Disease Outbreak, Emergency Readiness and Global Stability

A critical component to the COVID-19 outbreak in the early part of 2020 was our ability to deal and effectively deploy a plan of action that might have enabled us to quickly react and alleviate some of the complex problems that are associated with a global disease outbreak. This is not an easy answer, and comes riddled with uncertainties and demand of predictive modeling that certainly would require large scale coordination, technology, and other valuable global modeling to effectively cope and organize infrastructures and systems. Despite the definite globalization of the world’s economy, we have not the globalized infrastructure or framework that could answer to such order should it collapse from natural causes, market crash or other unforeseeable events. Supply chain, markets, health systems, data, economy, food supply, climate change, water scarcity and other factors showed us what such an order might entail.

The United Nations Charter

After the second world war, the United Nations was established under a Charter in 1945. The goal of the United Nations is to “keep peace, develop friendly relations among nations, to improve the lives of the poor, conquer hunger, disease and illiteracy, encourage respect for each other’s right and freedom’s and to be a center for harmonizing the actions of nations to achieve these goals”.

The United Nations is a center for a great many things that have enabled our global society and economy to progress in ways that weren’t possible before. Despite the differences of many nations in the way they create policy and define diplomacy, the United Nations has been able to define peace and carry out its mission since the original Charter which brought it all together. The United Nations is organized by six principal organs: Security Council, the General Assembly, Economic and Social Council, the Trusteeship Council, the International Court of Justice and the UN Secretariat. Each organ has an important mission and goals to carry out under the United Nations Charter.

The United Nations is comprised of 11 Programmes and Funds, including the UNDP and UNICEF, which provide for sustainable development and humanitarian relief. The UN holds Specialized Agencies including the World Bank, the World Health Organization, the International Monetary Fund – which are considered today’s global infrastructures that shape, manage, plan and develop our global order.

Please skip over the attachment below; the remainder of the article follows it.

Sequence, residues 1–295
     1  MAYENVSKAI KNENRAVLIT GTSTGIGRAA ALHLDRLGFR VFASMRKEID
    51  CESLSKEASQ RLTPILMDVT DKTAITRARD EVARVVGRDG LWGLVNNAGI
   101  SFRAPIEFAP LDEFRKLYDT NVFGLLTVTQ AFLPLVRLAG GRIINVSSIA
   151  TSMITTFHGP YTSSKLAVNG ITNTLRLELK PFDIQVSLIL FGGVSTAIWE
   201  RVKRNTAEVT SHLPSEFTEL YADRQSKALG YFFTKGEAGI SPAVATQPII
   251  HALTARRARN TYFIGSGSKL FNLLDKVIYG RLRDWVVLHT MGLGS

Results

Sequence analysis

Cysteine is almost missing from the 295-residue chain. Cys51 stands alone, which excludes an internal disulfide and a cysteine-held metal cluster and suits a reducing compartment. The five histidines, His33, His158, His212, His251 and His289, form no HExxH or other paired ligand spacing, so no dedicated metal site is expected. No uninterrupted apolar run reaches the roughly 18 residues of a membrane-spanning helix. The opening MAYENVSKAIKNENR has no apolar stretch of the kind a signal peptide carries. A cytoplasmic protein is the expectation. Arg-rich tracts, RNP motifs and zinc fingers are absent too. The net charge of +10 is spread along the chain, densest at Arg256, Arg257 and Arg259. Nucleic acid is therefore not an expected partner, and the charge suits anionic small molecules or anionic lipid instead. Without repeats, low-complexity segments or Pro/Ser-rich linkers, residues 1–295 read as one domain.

The United Nations, however, is burdened with a complexity that disables its ability to react, model, deploy, and be effectively nimble and proactive when necessary. Moreover, its’ political structure and composition disables its ability to make overarching decisions that are best for the planet without agreements of conflicting government leadership. Its mission is to maintain peace but satisfy current government leadership within that context, making it ineffective when achieving goals that are best for the environment, society, peace, and advancement. Lack of trust in our existing infrastructures in surging, so a thoughtful plan on what can satisfy the existing order while also creating a path for a more sustainable, advanced, and productive new world order is important for global stability and planetary advancement. A globalized order, hyper-localized and global in structure, which complements the United Nation’s mission while also creating new, disruptive, and innovative thinking is certainly in order.

Global Poverty and Hunger in 2020

The World Bank’s goals include” to reduce the number of people living in extreme poverty” which was, according to the World Bank’s figures, 734 million people, or 10% of the world’s population in 2015. The economic value given to extreme poverty is $1.90 a day, though it is largely argued, and considered by Philip Alston, Special Rapporteur on extreme poverty and human rights, a “miserable subsistence” if this monetary value, even adjusted for PPP, is sufficient or adequate, or even qualified as a moral dollar equivalent for what is considered a minimum economic value (World Bank). It is argued by economists such as Philip Alston,  that a minimum value of $5.50 a day, with PPP adjustment, would come somewhat closer to a minimum for the extreme poverty line. If there is even a  moral argument at all for poverty levels which constitute a bare minimum rate of survival (health, prosperity, education, quality of life indicators not properly evaluated or calculated). And, according to the World Food Programme, more than 250 million people are at risk from extreme hunger as an effect of the COVID-19 pandemic.

Global Climate Change and the Value of Nature

Global climate change has been either ignored, as is under the current US administration’s policy to withdraw from the Paris Climate Agreement, or hugely emphasized, as is throughout the European Commission. New value systems are taking a more important place in our global economy and markets, as asset management companies, such as BlackRock, are responding to investors requests and logical forecasts that consider a sustainability model as important, if not more so, than traditional valuation methods from years past. BlackRock is divesting from companies that do not incorporate sustainability into their model, and investing in more forward-thinking companies, as recently presented at Nasdaq’s 1st European ESG Summit in Oslo early September.  Science and data has allowed us to make more informed decisions, giving way to sustainable development goals as increasingly central formulas for values in business, economy and markets.